Johnson faced further troubles when black summer riots began in major cities in 1965 and crime rates soared, as his opponents raised demands for "law and order" policies. While Johnson began his presidency with widespread approval, support for him, it declined as the public became frustrated with both the war and the growing violence at home. In 1968, the Democratic Party factionalized as anti-war elements denounced Johnson; he ended his bid for re-nomination after a disappointing finish.

The 1968 TET threatened U.S. position in both South Vietnam and the United States one of the causes leading to a widely seen a turning point of the Vietnam War. It was also thought at that time that Johnson’s desire to be a leader of the Democrat Party over shadowed clear thinking about the war.  The draft was hurting his chances of winning.  For this reason Johnson bailed from political life, choosing not to run again. 

In 1970, the war was escalated into Vietnam’s neighbors as Nixon attempted to destroy Viet Cong’s supply lines and bases to South Vietnam in Laos and Cambodia. That, however, provoked tremendous anti-war protests in the U.S., which had been began with a minority since the Tet Offensive and then the My Lai massacre in March 1968.  This eventually grew due in part to student and later broadcasting the war into the living rooms during the dinner hour. 

In January 1973, the Paris Peace Accords was signed establishing a ceasefire and allowing prisoner of war exchange following U.S. force withdrawal from Vietnam. The accord officially ended the U.S. and its allies’ direct involvement in Vietnam despite its continued support for South Vietnam until the very end of the war. Eventually, the fall of Saigon on April 30, 1975 marked the end of the Vietnam War and Vietnam was reunified as a communist country.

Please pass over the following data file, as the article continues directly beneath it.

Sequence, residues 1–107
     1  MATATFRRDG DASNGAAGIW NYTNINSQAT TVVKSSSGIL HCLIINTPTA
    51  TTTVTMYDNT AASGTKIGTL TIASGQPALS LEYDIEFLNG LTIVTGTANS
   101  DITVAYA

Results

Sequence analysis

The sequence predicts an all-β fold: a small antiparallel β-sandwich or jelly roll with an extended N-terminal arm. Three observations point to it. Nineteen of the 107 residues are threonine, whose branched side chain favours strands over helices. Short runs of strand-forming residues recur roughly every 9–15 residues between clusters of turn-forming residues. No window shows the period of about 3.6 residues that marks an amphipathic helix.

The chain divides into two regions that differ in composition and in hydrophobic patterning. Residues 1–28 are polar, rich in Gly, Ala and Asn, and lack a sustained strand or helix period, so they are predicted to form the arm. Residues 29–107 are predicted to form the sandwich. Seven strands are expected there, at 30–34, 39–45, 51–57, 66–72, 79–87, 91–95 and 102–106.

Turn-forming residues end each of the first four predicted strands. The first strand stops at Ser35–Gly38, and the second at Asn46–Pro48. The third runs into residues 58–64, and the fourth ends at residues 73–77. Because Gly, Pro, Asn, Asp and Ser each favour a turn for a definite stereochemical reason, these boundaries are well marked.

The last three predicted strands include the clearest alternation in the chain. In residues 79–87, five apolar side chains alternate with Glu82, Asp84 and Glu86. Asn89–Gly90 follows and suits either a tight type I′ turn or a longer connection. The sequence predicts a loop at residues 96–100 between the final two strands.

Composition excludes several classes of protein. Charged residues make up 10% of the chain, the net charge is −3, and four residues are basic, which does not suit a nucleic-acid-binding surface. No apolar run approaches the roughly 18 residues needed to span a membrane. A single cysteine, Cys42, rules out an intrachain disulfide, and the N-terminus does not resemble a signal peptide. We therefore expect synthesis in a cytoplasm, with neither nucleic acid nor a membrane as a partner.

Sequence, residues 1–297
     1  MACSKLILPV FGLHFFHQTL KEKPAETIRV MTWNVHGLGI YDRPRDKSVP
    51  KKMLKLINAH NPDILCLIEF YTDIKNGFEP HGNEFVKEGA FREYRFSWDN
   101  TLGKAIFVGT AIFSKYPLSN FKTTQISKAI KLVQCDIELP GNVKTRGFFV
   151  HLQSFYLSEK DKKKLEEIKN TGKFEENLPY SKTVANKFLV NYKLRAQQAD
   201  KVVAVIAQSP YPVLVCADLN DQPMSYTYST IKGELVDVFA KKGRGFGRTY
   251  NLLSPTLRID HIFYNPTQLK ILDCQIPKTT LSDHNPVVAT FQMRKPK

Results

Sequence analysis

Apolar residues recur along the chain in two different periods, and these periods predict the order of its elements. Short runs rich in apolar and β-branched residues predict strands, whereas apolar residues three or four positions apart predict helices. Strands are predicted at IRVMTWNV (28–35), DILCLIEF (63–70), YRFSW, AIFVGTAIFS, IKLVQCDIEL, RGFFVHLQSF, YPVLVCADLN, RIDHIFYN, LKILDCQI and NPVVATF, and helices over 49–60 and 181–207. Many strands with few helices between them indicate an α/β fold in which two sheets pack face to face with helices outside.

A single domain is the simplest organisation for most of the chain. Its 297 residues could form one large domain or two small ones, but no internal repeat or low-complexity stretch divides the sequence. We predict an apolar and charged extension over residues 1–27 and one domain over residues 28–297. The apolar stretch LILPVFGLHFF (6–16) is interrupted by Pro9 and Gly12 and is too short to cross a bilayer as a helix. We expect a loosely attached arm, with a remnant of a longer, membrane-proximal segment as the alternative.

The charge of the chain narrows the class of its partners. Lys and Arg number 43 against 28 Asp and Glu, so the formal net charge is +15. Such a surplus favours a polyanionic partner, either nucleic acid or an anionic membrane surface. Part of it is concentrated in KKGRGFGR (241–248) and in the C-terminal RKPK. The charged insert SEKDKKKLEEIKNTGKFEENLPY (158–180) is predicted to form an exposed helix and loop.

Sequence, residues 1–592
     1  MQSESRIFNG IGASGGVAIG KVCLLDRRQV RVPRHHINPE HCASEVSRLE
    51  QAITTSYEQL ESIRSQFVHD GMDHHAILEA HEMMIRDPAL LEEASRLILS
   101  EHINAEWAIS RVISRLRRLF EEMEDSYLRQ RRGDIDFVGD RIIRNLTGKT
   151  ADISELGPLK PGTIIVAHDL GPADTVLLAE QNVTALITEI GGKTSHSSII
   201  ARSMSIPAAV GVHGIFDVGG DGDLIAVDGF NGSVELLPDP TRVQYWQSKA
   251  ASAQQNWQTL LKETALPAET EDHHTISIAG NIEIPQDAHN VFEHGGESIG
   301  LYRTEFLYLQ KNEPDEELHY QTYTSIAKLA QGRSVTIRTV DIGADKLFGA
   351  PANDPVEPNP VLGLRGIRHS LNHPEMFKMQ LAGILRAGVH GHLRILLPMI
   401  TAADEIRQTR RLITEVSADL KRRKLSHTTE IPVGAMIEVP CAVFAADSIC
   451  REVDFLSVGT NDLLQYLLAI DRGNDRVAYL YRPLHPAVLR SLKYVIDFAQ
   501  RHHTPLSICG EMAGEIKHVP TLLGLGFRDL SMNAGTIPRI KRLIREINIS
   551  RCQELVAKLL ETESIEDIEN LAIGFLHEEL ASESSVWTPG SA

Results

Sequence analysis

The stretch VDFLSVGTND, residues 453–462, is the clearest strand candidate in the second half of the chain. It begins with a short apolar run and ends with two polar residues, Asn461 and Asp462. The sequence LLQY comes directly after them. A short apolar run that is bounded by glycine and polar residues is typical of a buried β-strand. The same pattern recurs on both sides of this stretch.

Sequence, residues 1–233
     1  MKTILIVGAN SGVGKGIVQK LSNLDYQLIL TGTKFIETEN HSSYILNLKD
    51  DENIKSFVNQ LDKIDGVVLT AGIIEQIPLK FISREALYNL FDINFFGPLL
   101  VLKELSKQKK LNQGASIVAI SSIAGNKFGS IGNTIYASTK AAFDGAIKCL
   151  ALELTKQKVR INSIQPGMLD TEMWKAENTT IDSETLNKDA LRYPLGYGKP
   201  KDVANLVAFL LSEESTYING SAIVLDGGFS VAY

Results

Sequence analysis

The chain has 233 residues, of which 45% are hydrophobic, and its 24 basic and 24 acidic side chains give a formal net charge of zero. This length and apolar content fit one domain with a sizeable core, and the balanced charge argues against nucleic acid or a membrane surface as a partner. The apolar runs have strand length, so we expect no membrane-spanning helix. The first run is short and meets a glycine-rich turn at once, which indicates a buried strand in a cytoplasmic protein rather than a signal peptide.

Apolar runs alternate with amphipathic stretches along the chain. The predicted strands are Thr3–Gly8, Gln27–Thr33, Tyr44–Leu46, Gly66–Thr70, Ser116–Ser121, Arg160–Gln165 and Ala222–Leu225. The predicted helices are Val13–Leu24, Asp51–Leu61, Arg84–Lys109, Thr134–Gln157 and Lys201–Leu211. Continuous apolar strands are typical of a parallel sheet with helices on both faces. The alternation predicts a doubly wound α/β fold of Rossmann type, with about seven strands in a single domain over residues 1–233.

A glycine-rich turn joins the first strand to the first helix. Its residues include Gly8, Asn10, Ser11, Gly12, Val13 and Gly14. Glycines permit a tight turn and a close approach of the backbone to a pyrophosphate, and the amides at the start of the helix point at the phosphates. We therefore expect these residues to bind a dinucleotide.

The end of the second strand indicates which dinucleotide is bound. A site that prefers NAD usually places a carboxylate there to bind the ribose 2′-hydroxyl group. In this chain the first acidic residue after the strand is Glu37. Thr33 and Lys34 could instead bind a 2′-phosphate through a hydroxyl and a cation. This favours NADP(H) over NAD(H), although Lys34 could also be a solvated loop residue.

It would not be a clear understanding of the end to the war without mentioning the Sacrifices of the American serviceman’s, 58,220 of our young men and women.  The NVA and VC lost approximately 444,000, with another 280,000 Allied Forces and lastly 620,000 civilians.  The civilians, both north and south lost horribly.  The number of wounded is not known

In 1969, President Nixon came into office of the President of the United States. He proposed the so-called “Vietnamization” which gave South Vietnamese Army greater responsibility in fighting the war while still receiving American aid as well as air and naval support if necessary. However, the 1972 Easter Offensive put a big question mark on the policy’s effectiveness, suggesting that the South Vietnamese forces could not wage a full-scale war against the North’s Communists without considerable air power support from the U.S.

Nixon officially ended American involvement in the war in Vietnam in 1973 and brought the American POWs home and ended the military draft. Nixon's visit to China in 1972 eventually led to diplomatic relations between the two nations and he initiated détente and his administration generally transferred power from Washington D.C. to the states leading to a better enforcement of desegregation of Southern schools systems. It also led to the established the Environmental Protection Agency. Nixon also watched  over the Apollo 11 moon landing, which signaled the end of the moon race. He was reelected in one of the largest electoral landslides in U.S. history in 1972 when he defeated George McGovern.  But not long after was caught in an election year coverup by subordinates in 1974 and resigned the Presidency.

Yes, the war was over but the pain remained for those who participated. Today our nations heals.  It is a slow healing, but with every year we understands more about our nations pasts but more so we collectively belief in our better futures to come. 

Unknown Author:  “ Not just live and let live, but live and help live”